The southern journey has begun. According to Journey North
Journey North citizen scientists in southern Ontario, the Midwest, and the Northeast still reported monarch activity, including roosting behavior and directional flight. With temperatures falling and daylight shortening, reports in these areas will continue to drop over the coming weeks.
Yesterday I was out in the Saratogo Community Garden and I did not see any Monarch Butterflies. The nights are dropping to the 40 degree F range and butterflies can not fly under 50 degrees F. Last week was a definite week of Monarch Butterfly sightings. There were Mexican sunflowers that the Monarch is drawn to with its bright orange color.
Be safe little Monarch Butterfly and may you have a successful journey back to Mexico. El Dia de los Muertos is on November 1, and the people in the mountains of Mexico look at the Monarch Butterfly as their ancestors returning, and they celebrate their annual return with festivities to honor the butterfly and their own departed.
“Our dead are never dead to us, until we have forgotten them.” — George Eliot
According to Wisconsin Public Radio on February 9, tourism is down at and near the Monarch Butterfly Sanctuary in Michoacan, Mexico. The drug wars led by La Familia and beheading of opponent drug gang members is keeping tourists away. Even though the Sanctuary is some distance from the drug wars, tourists do not want to go to a country in the middle of a drug war.
Millions of monarch butterflies are now at the Sanctuary hanging from the Oyamel fir trees. Towards March they will begin their journey back to the United States on their way to Canada.
Winter 2010 destroyed El Roserio a town near the Sanctuary. Roads and bridges were wiped out and homes were lost to floods and mudslides. The people are dependent upon tourism who come to see the monarch butterfly at the Mexican Monarch Butterfly Sanctuary. A resident interviewed said that the people could depend on working five months a year because of tourism. 13,000 people used to live there but many residents are leaving to try to find work in other parts. The population in 2011 is down to 10,000. The people were already poor and a setback from a weakened tourist trade is unraveling into further hardship on the people.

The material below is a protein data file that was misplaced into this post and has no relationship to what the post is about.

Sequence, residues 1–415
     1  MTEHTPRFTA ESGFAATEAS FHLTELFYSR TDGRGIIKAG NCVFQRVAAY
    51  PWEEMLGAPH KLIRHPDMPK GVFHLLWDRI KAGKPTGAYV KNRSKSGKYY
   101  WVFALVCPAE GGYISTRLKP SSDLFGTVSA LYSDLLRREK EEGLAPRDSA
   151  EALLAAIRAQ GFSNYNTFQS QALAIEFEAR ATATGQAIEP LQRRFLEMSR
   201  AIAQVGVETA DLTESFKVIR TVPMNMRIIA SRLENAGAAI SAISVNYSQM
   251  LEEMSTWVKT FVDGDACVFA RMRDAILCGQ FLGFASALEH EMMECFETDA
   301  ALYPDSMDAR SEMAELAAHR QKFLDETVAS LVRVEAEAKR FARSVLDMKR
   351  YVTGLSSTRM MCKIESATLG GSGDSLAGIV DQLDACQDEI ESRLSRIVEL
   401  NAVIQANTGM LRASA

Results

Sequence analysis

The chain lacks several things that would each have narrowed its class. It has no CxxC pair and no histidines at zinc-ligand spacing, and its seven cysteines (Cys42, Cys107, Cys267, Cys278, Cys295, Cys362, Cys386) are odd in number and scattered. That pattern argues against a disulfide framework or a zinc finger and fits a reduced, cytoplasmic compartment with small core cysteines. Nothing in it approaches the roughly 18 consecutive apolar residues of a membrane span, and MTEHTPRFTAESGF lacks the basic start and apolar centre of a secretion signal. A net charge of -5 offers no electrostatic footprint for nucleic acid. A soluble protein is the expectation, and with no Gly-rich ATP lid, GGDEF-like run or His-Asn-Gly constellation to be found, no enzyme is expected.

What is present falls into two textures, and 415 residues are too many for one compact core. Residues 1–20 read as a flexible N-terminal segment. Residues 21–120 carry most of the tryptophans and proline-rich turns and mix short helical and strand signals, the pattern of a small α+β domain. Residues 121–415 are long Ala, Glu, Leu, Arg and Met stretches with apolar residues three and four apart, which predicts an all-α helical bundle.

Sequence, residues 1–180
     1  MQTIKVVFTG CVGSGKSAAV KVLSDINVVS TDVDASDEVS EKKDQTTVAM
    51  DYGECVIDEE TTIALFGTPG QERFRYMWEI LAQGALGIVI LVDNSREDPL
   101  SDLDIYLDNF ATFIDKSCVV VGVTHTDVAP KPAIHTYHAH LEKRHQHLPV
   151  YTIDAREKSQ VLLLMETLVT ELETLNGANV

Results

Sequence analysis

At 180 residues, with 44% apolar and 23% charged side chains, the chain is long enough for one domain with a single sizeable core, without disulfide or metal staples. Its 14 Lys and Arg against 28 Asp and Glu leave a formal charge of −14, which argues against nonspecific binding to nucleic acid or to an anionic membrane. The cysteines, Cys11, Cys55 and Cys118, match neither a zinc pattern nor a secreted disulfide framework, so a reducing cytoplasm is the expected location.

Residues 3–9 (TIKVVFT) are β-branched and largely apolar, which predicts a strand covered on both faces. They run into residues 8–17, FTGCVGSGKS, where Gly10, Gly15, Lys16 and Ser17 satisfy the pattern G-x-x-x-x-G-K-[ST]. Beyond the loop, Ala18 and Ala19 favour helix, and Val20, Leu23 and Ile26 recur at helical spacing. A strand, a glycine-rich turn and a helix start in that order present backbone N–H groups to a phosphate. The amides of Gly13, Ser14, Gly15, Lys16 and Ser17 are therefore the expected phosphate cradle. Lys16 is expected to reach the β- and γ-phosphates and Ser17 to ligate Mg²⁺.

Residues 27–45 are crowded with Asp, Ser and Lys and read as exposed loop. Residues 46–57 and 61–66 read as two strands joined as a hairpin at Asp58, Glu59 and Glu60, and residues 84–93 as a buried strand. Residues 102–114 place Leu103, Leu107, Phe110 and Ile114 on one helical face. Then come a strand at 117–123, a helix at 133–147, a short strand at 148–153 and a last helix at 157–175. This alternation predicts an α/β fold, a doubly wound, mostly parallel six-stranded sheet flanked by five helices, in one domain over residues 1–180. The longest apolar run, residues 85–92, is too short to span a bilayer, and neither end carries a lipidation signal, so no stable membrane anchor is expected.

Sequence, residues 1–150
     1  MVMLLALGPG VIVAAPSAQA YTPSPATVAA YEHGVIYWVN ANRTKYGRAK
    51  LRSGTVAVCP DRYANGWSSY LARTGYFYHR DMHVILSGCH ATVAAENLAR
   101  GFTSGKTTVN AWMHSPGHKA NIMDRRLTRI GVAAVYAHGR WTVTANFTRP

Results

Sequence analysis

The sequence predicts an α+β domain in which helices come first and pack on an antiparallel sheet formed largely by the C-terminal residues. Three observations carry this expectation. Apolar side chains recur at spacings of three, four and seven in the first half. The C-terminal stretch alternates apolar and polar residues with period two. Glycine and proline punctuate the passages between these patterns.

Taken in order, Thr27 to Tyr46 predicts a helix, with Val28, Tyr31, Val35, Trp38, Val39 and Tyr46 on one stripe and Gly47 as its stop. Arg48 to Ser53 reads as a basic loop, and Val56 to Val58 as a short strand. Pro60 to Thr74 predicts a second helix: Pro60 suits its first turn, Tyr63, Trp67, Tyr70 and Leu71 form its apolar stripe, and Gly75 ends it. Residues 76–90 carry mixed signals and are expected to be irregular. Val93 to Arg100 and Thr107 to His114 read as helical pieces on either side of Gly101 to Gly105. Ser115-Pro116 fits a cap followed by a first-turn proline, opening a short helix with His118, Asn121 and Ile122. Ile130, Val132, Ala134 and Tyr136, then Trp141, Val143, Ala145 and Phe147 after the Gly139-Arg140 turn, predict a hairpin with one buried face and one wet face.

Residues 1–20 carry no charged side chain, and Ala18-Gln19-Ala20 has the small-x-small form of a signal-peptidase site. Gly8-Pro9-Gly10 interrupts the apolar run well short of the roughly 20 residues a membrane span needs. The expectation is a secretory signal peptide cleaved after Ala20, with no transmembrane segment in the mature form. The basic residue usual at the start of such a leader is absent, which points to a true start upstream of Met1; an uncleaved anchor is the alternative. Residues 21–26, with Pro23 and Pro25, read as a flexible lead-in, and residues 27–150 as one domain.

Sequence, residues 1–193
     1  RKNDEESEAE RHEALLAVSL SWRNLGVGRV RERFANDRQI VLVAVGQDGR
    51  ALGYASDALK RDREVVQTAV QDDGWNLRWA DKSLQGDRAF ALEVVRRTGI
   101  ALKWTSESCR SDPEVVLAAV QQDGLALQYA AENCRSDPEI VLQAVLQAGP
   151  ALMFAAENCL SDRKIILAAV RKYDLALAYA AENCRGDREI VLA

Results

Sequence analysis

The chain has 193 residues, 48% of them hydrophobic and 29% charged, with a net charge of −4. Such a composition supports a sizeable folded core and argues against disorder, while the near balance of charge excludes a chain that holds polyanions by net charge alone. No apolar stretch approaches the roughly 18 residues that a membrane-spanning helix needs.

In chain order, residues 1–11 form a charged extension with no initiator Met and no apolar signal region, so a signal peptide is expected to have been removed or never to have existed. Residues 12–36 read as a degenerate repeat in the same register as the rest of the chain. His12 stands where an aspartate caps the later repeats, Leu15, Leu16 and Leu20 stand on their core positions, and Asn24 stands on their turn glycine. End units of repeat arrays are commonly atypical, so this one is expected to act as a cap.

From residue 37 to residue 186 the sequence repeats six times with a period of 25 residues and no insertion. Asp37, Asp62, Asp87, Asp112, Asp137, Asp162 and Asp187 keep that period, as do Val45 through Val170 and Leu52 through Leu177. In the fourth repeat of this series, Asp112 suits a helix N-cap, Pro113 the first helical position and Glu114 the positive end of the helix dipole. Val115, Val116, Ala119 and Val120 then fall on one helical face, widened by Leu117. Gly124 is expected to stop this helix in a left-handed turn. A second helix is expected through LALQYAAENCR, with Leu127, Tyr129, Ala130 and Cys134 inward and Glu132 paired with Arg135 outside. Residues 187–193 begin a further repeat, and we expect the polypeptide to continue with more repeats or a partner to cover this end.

Mexican President Calderon wants to make 2011 the Year of Tourism. Between the mudslides and floods at the Sanctuary, that killed at least 50 percent of the wintering monarchs, in 2010 and the continuing drug wars in 2011, tourists are backing off and the nearby towns, that support the tourist industry, are being impacted economically by lack of tourists.
The only host plant of the monarch butterfly (milkweed) is often a noxious weed in Canada. In the USA there is a loss of biodiverse agriculture and agricultural lands to urban sprawl and use of pesticides and herbicides.
In Mexico there is illegal logging of Oyamel fir trees within the Monarch Butterfly Habitat. In 2010 according to Monarch Watch over 50 percent of the monarchs died due to mudslides, freezing rains and floods within and around the sanctuaries.
We the undersigned promise not to use pesticides or herbicides in gardening. We agree not to plant monoculture crops.
We promise to plant a variety of native crops and plants for pollinators and insect control. We promise to plant milkweed for the monarch butterfly to establish the next generation of butterflies.
I spoke with Sue Sill, Executive Director, La Cruz Habitat Protection Project, (LCHPP) via email yesterday. She is in Mexico now where the damage of floods and mudslides destroyed Angangueo and El Rosario, towns near the Mexican Monarch Butterfly Sanctuary. We do not know the status of the monarch butterflies yet and what the survival rate is. There is no way in or out at the present time. According to Monarch Watch, we will need to wait and see.
You can make donations directly to: LCHPP, 404 Victoria Ave., McAllen, TX 78503. We are also raising funds for LCHPP on Happy Tonics Facebook Blog.
October Hill Foundation in Connecticut donated $5,000 in seed money to initiate the monarch area assistance fund.
Won’t you please help by donating to help LCHPP? Thank you.
What would life be without the Monarch Butterfly? The monarch is a butterfly of transformation. Is she teaching us that clear cutting leaves the mountains vulnerable? No tree roots to hold the soil can bring soil erosion through heavy rains which in turn can bring floods and mudslides.
The monarch needs the Oyamel fir forest to survive in Mexico. Stop clear cutting to save the Mexican Monarch Butterfly Sanctuary. Mexico is the home country of the monarch butterfly. Reforestation will begin in the spring with funds raised for LCHPP.